Though some businesses and services are reopening here in North Carolina, Social Security Administration offices remain closed because of the pandemic.
This is impacting how the agency is handling Social Security Disability hearings for claims that have been denied.
Hearings with Administrative Law Judges, which normally would be conducted in person (or by video if you consent to it), are now being conducted by telephone.
If you had a previously scheduled in-person hearing, SSA will contact you or your attorney to schedule a telephone hearing. Rest assured, you will have time for prepare for your hearing. Our team will be in touch to let you know what to expect and help you prepare for it. You won’t just be contacted on the day of the hearing.
In most cases, your telephone hearing will be conducted by the same judge who was originally assigned to your claim.
Am I required to have my hearing by telephone?
Telephone hearings are not mandatory. If you’re not comfortable with the telephone format, you may ask to have your hearing postponed until Social Security resumes normal operations again. You are allowed to have a hearing in the manner you were originally scheduled – in person or by video, if you consented to having it by video.
Please note, however, that there’s no way to know when your hearing may be rescheduled. No one knows when the pandemic will end or when it will be safe for the Social Security Administration to resume in-person, face-to-face operations. Rescheduling your hearing may delay approval of your benefits.
What happens at a Social Security Disability hearing?
We have represented claimants in hundreds of disability claims, and every hearing is a little bit different.
However, most hearings follow a general format. Though hearings are now being conducted by telephone, the general format and tone of these proceedings are similar.
Social Security Disability hearings are informal, but confidential, proceedings. There are no witnesses and no jury.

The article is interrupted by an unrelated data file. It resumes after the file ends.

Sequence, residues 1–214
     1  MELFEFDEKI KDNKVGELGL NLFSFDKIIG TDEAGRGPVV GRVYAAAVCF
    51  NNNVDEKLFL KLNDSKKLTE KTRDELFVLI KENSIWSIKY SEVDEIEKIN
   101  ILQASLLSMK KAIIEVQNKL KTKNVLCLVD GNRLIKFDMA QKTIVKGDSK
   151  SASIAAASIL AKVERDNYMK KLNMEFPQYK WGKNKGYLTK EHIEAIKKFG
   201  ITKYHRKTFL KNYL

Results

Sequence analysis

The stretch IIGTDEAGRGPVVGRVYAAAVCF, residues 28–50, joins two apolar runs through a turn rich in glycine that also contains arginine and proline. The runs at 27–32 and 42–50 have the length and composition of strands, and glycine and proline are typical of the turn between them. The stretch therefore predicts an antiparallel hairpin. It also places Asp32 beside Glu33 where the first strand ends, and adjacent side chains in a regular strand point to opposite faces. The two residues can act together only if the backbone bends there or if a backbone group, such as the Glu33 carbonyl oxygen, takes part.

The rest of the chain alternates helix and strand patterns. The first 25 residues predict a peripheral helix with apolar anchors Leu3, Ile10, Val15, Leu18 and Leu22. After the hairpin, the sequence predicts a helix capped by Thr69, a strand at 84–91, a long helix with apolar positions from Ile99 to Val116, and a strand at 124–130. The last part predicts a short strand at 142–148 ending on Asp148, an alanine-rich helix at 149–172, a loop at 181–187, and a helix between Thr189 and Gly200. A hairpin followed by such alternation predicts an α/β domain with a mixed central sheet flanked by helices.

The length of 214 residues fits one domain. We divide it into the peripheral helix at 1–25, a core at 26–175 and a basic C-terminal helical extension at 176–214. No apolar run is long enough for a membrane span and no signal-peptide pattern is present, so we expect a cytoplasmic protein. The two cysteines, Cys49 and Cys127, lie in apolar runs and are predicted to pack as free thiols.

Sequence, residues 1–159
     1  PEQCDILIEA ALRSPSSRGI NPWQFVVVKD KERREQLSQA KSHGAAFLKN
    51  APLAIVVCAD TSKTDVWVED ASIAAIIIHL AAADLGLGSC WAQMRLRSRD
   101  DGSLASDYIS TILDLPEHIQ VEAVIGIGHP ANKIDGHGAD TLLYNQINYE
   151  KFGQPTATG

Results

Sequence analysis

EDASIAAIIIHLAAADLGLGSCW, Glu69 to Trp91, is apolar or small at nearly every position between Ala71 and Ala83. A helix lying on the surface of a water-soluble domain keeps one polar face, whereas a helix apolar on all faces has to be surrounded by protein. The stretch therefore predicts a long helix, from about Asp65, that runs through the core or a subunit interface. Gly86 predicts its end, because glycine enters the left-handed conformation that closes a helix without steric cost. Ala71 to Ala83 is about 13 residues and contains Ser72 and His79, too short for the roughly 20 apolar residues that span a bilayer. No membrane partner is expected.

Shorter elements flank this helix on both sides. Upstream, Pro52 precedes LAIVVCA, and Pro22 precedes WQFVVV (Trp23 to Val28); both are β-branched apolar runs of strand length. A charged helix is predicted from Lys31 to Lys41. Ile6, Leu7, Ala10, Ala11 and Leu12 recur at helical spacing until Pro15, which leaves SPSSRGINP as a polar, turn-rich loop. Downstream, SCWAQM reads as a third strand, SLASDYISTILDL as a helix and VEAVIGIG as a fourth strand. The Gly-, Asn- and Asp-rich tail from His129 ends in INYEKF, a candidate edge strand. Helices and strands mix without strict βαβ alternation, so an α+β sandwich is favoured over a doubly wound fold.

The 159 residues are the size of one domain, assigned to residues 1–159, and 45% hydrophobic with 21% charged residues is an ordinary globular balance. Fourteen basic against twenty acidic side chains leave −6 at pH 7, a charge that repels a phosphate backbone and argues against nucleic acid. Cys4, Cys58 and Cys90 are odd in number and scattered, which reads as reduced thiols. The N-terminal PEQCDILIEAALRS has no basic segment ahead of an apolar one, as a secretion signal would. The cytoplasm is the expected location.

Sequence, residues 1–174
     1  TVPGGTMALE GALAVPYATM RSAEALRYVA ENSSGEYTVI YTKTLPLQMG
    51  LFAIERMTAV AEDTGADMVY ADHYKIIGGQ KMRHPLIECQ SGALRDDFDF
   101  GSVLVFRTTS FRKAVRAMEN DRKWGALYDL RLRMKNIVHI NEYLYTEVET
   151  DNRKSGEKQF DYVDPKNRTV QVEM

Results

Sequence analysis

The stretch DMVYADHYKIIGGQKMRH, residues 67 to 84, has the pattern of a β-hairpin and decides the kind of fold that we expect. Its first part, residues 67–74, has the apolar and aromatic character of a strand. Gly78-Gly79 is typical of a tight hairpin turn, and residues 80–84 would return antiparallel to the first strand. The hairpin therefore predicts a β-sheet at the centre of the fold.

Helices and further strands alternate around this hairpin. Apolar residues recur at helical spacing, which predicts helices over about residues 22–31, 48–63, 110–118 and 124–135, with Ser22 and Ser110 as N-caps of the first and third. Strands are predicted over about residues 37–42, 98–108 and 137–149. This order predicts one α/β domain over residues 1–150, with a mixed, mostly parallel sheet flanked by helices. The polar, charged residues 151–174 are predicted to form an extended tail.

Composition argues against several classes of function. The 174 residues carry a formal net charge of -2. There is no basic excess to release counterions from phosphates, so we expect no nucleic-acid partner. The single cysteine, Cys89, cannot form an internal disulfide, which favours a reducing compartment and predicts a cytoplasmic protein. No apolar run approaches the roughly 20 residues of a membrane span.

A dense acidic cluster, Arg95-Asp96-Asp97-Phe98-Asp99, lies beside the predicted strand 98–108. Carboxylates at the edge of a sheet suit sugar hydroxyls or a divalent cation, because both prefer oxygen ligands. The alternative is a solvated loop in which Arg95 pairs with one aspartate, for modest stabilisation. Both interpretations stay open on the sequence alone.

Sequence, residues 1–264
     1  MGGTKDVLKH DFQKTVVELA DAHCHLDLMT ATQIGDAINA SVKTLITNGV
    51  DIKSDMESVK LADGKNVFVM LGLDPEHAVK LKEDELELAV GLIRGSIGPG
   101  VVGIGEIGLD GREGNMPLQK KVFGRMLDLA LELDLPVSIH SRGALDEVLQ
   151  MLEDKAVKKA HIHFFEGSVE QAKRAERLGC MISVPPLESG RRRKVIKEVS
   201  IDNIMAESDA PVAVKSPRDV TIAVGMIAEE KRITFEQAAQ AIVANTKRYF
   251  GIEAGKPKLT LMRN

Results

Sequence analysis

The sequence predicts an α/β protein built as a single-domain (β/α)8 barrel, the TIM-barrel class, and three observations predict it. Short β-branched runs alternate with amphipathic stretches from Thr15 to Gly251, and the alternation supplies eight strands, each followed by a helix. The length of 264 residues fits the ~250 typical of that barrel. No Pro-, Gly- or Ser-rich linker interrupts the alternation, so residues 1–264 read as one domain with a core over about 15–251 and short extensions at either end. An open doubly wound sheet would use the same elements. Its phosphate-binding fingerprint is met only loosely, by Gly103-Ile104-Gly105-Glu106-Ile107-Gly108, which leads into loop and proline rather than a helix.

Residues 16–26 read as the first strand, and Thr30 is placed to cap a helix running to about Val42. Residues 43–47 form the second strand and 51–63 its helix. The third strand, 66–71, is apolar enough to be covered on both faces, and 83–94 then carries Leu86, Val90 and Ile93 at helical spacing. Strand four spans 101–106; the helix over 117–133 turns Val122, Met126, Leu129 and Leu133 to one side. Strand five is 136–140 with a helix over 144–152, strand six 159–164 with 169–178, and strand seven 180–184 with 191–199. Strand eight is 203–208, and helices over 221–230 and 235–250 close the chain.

Usually, the only people involved in the hearing besides you and your attorney are an administrative law judge, a hearing reporter to record what happens, and a vocational expert, who is an expert in jobs.
Hearings are recorded, and the judge will usually start out by giving you some general information about how the hearing will proceed. The judge will tell you that it is necessary that your testimony be under oath, and will swear you in. Then the judge and your attorney will ask you questions about your general background, your work history, your medical problems and your daily life.
No government attorney will be present at the telephone hearing, but your attorney may ask you questions, as well.
After the judge and your attorney have finished asking you questions, the judge may take testimony from a vocational expert. Your attorney will then have an opportunity to ask questions of the vocational expert. After that is done, the hearing will generally be over.
Most of the time you won’t get a decision that day, but will have to wait to get a written decision in the mail. Hearings can last from as short as 15 or 20 minutes to as long as two hours or more.
This general format can vary depending on many variables including which judge is running the hearing (they all have different preferences), the nature of the case itself and the possibility of medical experts testifying, as well as other factors.
A hearing is an important opportunity to finally win your Social Security Disability case, and I recommend you retain an attorney to help you best present your case to the administrative law judge.
Contact us a call for a free consultation about your case to see if we can help you.
What if I am due for a continuing medical disability review?
During the pandemic, the Social Security Administration is not conducting continuing disability reviews for anyone who is currently receiving benefits during the pandemic. If you are waiting for a hearing on your continuing disability review decision but you are not currently receiving benefits, the administration will proceed with your hearing as scheduled, by telephone.
What other changes is SSA making during the pandemic?
Recognizing that these are challenging times for everyone, Social Security is extending filing deadlines when possible. Your paralegal or attorney will be able to advise you on this as it relates to your specific claim.
Social Security is also being flexible in applying its “good cause policy,” which allows the agency us to extend the time limits for submitting appeals and taking other actions during this pandemic.
SSA has also suspected collection of overpayments during the pandemic.
Online services during the pandemic
While Social Security Administration offices are closed during the pandemic, you can still conduct a lot of business and get help online.
- You can use the Social Security Disability website to file a claim for retirement, disability, or Medicare benefits.
- You can check your application status.
- You can file an appealif you were recently denied Social Security Disability benefits.
- Change your address, if you receive benefits
- Set up or change your direct deposit for receiving benefits.
Visit the website for more online services.